Blind Americans are at risk of losing a unique service that helps them do the unthinkable: watch TV. Over the past two years, support for narration that allows blind people to follow prime time TV shows has eroded and, in the process, aggravated a passionate schism in the narrow world of blind-advocacy groups.
"TV, for better for worse, is very important in our society," says Margaret Pfanstiehl, president of Metropolitan Washington Ear, an advocacy group for the visually impaired. "To be cut off is a form of isolation."
Federal funding for narration of the prime time shows that much of America takes for granted was phased out in October. Congress mandated that the funds, about $1 million a year, be used for educational and public-affairs programs only—no entertainment—after learning that a companion program for the deaf was used to caption Baywatch
and Montel Williams.
The cutbacks on narrated shows have persuaded two senior lawmakers to fight to resurrect government-mandated narration "quotas" for broadcast and cable networks. A federal appeals court in Washington court struck down such quotas two years ago.
If passed, legislation sponsored by Rep. Ed Markey, the senior Democrat on the House Telecommunications Subcommittee, and Sen. John McCain, chairman of the Senate Commerce Committee, would obligate programmers to provide more narration and to pay for it themselves if federal funding disappears. Given the crowded legislative calendar, both lawmakers are seeking to attach their narration mandate to bills likely to pass this year.
The notion of a blind person's sitting down to enjoy a TV show might seem odd, but most blind and sight-impaired people lose their vision well into adulthood, after their habits of entertainment and getting news have been ingrained. Most, then, can envision the action with a little added description.
Narration, which is received over a special TV frequency, is squeezed into programming between the actual dialogue. The service was developed by Pfanstiehl's group and WGBH, Boston's public-TV station, and first aired in 1987 on the PBS American Playhouse. In 2000, the FCC required the four biggest broadcast networks and the five biggest cable nets to narrate four hours of prime time and kid shows weekly. Judges ruled two years later that the FCC had no authority to impose the mandate.
Advocates for the blind say narration has dropped significantly at five of the top six cable networks that were once big supporters: Lifetime, USA, and Turner's TBS, TNT, and Turner Classic Movies. Among the broadcast networks, ABC has halved its support and now narrates only its two-hour Saturday-night movie.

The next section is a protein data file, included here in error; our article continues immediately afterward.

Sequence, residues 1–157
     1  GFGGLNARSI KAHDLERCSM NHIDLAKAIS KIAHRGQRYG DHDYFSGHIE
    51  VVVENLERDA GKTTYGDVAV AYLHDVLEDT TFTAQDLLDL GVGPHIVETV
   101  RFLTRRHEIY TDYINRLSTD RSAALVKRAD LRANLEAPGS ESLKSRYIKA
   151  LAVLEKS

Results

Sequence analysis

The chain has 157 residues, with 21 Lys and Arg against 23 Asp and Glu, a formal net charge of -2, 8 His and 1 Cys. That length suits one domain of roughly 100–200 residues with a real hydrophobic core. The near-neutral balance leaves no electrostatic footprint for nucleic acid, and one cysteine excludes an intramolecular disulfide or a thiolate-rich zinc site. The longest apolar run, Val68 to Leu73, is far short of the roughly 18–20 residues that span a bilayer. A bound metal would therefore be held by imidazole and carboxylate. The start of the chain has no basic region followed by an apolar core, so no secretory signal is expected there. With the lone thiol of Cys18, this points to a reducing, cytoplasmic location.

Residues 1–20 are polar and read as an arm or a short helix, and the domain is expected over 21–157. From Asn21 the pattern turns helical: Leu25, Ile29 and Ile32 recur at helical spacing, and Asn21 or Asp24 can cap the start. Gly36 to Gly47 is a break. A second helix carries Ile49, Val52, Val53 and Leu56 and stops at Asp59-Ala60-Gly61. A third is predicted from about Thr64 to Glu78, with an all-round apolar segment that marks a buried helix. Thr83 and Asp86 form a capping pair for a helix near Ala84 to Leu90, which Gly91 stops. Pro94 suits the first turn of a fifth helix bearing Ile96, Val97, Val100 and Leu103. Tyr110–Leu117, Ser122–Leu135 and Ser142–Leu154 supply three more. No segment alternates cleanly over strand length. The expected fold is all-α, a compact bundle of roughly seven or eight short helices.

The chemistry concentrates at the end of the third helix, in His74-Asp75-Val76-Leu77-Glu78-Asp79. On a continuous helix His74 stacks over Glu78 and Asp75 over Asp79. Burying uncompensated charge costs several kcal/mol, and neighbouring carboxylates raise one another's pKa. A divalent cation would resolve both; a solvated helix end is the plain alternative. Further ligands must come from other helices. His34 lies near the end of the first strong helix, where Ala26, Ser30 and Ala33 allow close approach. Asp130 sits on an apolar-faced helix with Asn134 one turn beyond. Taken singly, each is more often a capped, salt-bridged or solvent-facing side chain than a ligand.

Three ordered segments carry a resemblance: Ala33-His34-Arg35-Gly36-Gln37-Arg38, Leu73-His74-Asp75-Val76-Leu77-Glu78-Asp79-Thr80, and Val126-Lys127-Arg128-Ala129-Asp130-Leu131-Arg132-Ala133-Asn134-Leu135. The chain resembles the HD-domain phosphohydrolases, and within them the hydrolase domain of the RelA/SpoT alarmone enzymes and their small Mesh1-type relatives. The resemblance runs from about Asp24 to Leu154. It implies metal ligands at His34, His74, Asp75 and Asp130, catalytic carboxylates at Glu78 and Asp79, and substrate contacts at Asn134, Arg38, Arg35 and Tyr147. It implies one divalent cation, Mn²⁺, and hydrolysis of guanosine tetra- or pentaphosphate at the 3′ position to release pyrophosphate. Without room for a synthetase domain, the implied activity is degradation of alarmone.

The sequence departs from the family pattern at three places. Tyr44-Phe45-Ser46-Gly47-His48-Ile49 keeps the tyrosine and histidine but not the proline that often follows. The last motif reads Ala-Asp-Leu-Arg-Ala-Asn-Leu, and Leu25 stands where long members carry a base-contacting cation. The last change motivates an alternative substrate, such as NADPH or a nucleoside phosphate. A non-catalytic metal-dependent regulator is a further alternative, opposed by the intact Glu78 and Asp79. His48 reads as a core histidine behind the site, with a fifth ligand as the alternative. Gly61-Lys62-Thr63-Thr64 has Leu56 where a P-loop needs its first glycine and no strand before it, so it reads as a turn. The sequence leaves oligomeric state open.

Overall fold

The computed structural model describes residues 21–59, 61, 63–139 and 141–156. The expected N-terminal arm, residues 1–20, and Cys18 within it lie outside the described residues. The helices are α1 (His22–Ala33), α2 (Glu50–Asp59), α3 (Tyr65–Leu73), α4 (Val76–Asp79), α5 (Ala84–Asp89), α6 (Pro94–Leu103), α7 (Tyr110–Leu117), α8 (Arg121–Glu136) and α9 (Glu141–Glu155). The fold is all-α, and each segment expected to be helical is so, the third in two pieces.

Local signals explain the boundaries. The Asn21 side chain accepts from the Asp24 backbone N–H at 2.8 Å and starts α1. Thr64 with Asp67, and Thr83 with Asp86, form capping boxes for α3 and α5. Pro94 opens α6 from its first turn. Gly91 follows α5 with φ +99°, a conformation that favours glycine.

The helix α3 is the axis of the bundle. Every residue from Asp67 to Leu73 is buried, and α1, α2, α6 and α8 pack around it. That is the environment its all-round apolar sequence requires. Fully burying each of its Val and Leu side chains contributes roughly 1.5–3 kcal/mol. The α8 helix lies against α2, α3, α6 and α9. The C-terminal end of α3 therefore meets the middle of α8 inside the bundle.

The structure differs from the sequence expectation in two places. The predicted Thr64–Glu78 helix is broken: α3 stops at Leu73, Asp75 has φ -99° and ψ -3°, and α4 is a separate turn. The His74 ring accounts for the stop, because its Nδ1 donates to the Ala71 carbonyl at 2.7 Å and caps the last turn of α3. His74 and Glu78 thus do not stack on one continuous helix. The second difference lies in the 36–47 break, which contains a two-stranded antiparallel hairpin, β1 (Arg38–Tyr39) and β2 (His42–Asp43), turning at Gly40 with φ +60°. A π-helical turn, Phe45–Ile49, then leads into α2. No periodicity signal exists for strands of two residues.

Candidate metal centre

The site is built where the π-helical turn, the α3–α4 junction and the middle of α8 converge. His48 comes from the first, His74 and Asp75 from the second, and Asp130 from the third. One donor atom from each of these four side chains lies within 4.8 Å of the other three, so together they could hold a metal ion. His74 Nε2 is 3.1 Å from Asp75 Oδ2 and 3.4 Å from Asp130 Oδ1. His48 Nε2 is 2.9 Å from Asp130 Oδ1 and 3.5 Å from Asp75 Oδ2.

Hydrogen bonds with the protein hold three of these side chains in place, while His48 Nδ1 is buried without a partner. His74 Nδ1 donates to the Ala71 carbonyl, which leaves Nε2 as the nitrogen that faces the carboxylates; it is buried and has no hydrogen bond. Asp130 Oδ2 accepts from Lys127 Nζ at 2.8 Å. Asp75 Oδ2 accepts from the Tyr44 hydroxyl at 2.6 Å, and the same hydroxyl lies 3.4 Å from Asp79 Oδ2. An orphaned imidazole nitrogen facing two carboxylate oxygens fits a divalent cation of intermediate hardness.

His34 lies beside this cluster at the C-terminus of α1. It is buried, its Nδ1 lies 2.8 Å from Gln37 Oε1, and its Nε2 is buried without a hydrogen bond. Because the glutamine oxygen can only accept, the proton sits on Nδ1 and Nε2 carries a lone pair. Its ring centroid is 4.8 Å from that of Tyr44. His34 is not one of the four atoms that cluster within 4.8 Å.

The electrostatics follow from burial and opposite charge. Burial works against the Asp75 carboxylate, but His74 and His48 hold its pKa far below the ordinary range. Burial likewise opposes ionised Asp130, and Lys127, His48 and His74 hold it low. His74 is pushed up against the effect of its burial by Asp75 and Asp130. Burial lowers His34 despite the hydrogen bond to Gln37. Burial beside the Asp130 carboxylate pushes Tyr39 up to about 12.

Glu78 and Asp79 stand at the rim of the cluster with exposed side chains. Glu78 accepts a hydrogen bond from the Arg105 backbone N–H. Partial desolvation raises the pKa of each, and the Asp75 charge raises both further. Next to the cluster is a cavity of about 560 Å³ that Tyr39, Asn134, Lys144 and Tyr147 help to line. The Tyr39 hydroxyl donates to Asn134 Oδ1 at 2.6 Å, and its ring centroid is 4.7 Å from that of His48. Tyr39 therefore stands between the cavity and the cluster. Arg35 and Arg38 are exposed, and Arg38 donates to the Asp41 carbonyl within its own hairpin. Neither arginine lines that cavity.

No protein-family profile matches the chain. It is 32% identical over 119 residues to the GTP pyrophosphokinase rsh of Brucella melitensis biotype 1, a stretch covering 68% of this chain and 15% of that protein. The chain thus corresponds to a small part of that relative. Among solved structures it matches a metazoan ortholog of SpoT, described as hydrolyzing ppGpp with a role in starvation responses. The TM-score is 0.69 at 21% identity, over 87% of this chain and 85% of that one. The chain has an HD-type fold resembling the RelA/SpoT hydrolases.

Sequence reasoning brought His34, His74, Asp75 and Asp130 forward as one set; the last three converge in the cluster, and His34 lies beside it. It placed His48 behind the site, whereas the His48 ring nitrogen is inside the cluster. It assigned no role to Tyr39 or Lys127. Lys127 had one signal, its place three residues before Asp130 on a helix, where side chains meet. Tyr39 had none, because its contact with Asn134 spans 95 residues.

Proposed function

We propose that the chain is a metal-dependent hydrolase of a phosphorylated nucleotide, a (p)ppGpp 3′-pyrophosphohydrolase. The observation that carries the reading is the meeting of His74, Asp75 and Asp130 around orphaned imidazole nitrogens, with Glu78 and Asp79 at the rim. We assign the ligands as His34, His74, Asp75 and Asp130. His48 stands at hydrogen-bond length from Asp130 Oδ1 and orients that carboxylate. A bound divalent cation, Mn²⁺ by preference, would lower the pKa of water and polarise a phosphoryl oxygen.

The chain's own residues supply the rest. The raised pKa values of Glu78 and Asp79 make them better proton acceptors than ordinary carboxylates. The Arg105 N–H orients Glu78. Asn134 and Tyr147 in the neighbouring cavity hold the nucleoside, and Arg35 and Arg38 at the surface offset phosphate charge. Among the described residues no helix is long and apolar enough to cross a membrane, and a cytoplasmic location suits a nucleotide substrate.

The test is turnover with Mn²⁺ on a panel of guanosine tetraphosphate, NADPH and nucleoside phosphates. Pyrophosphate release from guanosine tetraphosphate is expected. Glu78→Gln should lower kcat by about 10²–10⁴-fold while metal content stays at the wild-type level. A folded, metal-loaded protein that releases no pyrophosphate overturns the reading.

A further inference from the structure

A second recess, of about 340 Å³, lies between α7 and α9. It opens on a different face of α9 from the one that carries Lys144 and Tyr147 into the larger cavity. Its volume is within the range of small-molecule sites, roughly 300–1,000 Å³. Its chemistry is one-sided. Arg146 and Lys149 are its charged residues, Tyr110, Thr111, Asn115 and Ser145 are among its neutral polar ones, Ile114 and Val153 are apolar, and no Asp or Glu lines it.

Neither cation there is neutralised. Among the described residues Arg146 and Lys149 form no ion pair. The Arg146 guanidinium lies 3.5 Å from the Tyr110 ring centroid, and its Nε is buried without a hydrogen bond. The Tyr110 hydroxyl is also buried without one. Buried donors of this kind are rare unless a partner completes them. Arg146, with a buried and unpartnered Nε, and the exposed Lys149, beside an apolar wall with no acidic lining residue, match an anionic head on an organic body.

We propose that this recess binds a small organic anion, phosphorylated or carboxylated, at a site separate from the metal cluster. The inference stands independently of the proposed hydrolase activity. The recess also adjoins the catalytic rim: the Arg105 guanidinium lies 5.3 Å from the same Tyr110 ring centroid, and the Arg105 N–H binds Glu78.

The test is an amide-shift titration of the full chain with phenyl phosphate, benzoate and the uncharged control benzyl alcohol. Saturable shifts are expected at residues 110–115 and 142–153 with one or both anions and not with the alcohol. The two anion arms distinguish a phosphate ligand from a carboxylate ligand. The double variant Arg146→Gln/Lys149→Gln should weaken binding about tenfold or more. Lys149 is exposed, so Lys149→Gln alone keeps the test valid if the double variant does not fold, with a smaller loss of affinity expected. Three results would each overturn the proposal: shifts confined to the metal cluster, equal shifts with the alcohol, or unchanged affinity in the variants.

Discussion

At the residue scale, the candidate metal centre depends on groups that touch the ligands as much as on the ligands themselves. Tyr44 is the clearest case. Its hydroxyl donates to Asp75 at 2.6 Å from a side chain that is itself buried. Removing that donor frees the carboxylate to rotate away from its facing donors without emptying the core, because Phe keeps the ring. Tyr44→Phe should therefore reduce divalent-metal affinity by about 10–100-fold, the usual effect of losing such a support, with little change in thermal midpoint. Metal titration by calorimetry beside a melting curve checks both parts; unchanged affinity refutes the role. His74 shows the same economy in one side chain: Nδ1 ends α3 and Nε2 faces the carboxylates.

"We are getting a very tiny amount, but without a government mandate, what's available will never increase," laments Pfanstiehl.
CBS, Fox, NBC, and Nickelodeon each still provide close to four hours of new weekly narration. Shows they narrate include Law & Order, Bernie Mac, CSI, JAG, and Blue's Clues.
Although TV executives are not speaking out against the legislation yet, the push by Markey and McCain is certain to spark a fight. Broadcasters oppose the mandate because of the potential cost to stations. The National Association of Broadcasters has maintained that the cost of adding narration to shows, about $2,000 an hour, and equipping affiliates, about $160,000 per station, is prohibitively expensive.
Turner Networks, for example, is no longer adding narration and is relying solely on syndicated programs that have already been narrated and its library of more than 200 narrated movies. Aside from movies, which run mainly on Turner Classic Movies, Turner's TNT airs narrated Law & Order
reruns. Says spokeswoman Mindy Schedule, "The elimination of federal funds is one factor impacting our decision."
The debate over narration led to the creation of an odd coalition of two of the most powerful TV lobbying groups in Washington—the NAB and the National Cable and Telecommunications Association—and a tiny advocacy group for the blind, which banded together to defeat the narration quotas.
The court battle pitted the American Council of the Blind (ACB), a group representing the estimated 13 million sight-impaired people who lost vision later in life, against the National Federation of the Blind (NFB), a much smaller group with 50,000 members.
NFB, which represents primarily people blind since birth, allied with the TV industry because it considers narration mandates a distraction from emergency-alert improvements its members want, such as voiced reports of emergency and weather instead of on-screen crawls. People who lost their sight later in life say they enjoy video description the most because narration of scenes, colors, and on-screen action have more meaning to them; their former ability to see gives them a better frame of reference.
The policy disagreement broke down into name-calling when NFB joined the TV industry's legal challenge to the narration mandate. ACB's president called its rival a "a traitor to our community." NFB retorted by calling ACB "vituperative."
As narration bills make their way through Congress, advocates argue that there's nothing frivolous about allowing blind people to enjoy America's dominant medium. Such restrictions prevent the blind from participating fully in society, says Larry Goldberg, director of media access for WBGH. "Blind people enjoy prime time shows just like everyone else."